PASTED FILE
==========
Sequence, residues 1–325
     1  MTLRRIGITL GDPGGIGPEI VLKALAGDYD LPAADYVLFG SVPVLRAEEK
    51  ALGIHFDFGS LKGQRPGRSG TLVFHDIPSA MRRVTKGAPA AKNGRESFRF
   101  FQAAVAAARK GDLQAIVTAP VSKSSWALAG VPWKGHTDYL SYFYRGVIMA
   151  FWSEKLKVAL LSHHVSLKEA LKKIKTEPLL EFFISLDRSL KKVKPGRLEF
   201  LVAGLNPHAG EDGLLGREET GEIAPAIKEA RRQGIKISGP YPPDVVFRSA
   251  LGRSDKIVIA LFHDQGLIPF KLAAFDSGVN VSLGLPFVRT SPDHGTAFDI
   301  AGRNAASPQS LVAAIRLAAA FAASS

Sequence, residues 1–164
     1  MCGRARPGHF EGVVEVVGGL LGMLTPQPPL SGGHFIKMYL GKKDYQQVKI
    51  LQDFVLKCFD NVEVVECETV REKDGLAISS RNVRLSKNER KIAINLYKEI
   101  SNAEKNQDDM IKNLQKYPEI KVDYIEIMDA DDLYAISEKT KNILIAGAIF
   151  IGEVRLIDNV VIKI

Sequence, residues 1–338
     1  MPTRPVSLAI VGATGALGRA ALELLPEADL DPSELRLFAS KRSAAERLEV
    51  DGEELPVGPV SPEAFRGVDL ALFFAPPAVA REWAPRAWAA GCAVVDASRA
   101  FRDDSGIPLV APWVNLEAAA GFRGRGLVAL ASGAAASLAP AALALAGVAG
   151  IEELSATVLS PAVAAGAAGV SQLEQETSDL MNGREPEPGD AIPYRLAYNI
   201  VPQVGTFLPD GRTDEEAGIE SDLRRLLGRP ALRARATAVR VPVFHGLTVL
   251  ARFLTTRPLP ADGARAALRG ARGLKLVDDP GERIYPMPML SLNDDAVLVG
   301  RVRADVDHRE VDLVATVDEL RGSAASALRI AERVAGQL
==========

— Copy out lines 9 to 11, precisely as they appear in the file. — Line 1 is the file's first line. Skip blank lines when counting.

Sequence, residues 1–164
     1  MCGRARPGHF EGVVEVVGGL LGMLTPQPPL SGGHFIKMYL GKKDYQQVKI
    51  LQDFVLKCFD NVEVVECETV REKDGLAISS RNVRLSKNER KIAINLYKEI